Galina Balashova: The Artistic Director Behind Four Generations of Soviet Spacecraft

Can intimacy exist in a vacuum?

When architect Galina Balashova was commissioned to devise the interiors of Soviet space capsules, she was given a futurist-design dream. Without the limitations of gravity – with no up or down – architecture could be freed from earth-bound requirements such as a ceiling or floor. Yet Balashova had the visionary insight to realize that the mind has its own internal gravity, a craving for familiarity.

After decades of remaining classified under the Soviet government, the work of the space architect Galina Balashova has now been assembled by the German Architecture Museum (DAM) in Frankfurt- am-Main. Balashova had a hand in designing four generations of spacecraft: the plans for the Soyuz capsules, space stations Mir and Salyut, as well as the orbital glider Buran. The sole architect working amongst banks of aesthetically agnostic engineers, Balashova took on the utopian design challenge of making the void habitable. The marriage of experimental and meticulous thinking that Balashova brought to quotidian fixtures resonates with contemporary industrial designers such as Marc Newson. She conceived each minute de- tail: from logical button configurations on control decks, to chairs that accommodate weightlessness, to even the stitched insignias on cosmonaut outfits.

Hired by Sergei Korolev’s Experimental Design Bureau OKB-1 in 1957, Balashova operated behind the testosterone-charged posturing of Cold War propaganda. For over thirty years, hers was an anonymous form of political art that subverted the practices of her Russian constructivist forebears. Kazmir Malevich’s claims to autonomous zones of free-floating form seem pathetically abstract in comparison to Balashova’s designs. Within her architectural reality, objects and beings were truly free- floating, and she had the agency to tangibly shape the granular experience of space.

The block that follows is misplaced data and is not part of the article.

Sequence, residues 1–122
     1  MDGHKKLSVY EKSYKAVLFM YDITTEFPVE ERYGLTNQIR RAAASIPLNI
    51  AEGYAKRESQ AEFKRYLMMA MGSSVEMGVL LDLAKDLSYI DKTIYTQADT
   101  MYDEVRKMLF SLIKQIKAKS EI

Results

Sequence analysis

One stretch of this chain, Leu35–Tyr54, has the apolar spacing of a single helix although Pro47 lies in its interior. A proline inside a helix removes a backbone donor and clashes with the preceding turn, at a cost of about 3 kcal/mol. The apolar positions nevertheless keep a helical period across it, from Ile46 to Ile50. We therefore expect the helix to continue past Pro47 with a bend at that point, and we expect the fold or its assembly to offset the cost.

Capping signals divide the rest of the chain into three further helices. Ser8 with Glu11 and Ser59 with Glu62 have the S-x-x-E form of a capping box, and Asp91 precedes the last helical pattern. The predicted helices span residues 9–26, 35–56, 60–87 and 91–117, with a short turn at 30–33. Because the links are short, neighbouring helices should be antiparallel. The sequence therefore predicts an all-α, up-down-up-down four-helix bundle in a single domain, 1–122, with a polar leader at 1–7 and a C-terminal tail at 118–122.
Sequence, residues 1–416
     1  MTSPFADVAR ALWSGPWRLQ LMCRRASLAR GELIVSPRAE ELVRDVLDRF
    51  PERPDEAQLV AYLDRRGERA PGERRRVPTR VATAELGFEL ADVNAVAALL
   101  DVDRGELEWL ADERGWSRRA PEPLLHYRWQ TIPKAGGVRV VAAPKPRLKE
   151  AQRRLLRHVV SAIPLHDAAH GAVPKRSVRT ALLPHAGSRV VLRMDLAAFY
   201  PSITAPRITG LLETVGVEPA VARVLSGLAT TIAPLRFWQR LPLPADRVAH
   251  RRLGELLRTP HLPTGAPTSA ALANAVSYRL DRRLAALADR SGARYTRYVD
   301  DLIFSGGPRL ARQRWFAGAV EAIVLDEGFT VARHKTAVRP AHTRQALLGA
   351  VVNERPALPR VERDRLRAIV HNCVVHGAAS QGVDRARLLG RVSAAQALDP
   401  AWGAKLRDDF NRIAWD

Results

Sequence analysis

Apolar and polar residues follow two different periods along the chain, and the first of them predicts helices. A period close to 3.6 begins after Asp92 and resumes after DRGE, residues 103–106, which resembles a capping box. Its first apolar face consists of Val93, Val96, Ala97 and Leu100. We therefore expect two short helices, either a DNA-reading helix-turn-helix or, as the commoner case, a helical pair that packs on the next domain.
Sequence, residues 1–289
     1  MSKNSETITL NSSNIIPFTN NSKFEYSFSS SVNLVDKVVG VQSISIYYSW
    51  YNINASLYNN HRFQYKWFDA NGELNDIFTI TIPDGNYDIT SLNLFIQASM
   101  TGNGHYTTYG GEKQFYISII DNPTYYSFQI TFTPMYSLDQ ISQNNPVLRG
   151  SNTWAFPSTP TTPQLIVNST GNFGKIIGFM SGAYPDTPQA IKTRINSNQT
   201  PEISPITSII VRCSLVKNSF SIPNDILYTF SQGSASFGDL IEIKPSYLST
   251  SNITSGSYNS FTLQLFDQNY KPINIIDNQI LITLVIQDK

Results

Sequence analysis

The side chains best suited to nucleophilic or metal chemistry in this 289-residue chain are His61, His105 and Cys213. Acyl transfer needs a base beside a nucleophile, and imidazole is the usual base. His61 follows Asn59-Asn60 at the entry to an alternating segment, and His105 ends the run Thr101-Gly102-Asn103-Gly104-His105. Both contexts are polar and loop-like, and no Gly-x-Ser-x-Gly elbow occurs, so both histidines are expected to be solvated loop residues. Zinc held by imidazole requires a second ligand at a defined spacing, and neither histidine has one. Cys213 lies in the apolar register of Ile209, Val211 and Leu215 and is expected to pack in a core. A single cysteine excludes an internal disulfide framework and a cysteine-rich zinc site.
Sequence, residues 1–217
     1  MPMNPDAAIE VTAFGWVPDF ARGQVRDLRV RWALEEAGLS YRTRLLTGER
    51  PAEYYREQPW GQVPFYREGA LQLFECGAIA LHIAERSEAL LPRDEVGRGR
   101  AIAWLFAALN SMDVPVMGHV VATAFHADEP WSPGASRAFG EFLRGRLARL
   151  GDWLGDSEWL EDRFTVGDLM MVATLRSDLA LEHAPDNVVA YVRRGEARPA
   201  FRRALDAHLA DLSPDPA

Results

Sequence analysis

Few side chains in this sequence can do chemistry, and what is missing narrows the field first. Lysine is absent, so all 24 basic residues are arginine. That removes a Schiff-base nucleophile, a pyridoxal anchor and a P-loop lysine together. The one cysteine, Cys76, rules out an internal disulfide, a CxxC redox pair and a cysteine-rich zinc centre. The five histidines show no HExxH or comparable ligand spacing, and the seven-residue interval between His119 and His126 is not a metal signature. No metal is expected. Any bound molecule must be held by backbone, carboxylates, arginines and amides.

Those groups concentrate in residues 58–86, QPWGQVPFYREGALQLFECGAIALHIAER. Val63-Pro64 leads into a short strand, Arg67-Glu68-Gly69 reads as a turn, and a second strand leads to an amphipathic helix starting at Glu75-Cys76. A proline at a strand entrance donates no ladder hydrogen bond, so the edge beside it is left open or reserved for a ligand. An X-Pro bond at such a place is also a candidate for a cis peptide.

Balashova understood that to ensure the wellbeing of cosmonauts, capsule chambers had to mimic an environment where gravity exists. Her prototype de- signs of bookcases and foldaway tables evoke scenes from a typical modernist home of the time. Yet something more mysterious is at play. The design archetype of the terrestrial toilet bowl is informed by the earth’s ability to make things fall. However, under zero-gravity, such a design loses its functionality. Since Balashova’s constraints were dictated by laws of psychology rather than physics, these objects become hollowed-out surrogates for the domestic. Their cladding, fittings, and surfaces are uncanny shells floating within a distant yet strangely familiar environment.

It appears Balashova has straddled two perceptual realms since birth. Her first childhood memory was falling down a rabbit hole in the woods near her home in Lobna, a moment that she seems to revisit through her ouevre of watercolor landscapes. A prolific and skilled painter, she placed scenes of snowy Muscovite park- lands into light metal frames and attached them to the windows of Soyuz orbitals as a way of reminding the cosmonauts of life on earth. While the cosmonauts would return to earth in the landing module, these watercolors would either remain in orbit or be burnt up if they edged too close to the atmosphere – ephemeral odes impossibly longing for home. Floating amongst charred debris, they stand as artefacts of the iconoclastic soul within the Soviet cosmonautic machine, or perhaps just as silent missives to the gods from a suburban Sunday painter.

This article is taken from 032c Issue #29: “Nest.”


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